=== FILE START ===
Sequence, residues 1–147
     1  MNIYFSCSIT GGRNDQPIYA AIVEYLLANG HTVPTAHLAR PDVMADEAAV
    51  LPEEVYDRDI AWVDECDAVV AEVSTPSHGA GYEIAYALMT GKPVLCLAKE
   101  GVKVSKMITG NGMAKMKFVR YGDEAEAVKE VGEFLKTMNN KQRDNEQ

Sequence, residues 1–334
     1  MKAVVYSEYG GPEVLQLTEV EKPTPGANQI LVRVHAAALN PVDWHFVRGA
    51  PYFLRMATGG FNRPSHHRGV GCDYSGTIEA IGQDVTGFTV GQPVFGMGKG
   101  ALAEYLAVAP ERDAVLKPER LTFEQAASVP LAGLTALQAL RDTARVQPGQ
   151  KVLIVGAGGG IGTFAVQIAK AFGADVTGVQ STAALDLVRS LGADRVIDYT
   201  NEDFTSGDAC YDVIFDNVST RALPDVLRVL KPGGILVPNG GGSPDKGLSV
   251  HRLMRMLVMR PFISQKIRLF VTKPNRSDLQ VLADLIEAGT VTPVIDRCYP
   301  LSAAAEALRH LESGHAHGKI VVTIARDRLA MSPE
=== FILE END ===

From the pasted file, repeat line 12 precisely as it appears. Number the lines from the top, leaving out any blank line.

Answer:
   301  LSAAAEALRH LESGHAHGKI VVTIARDRLA MSPE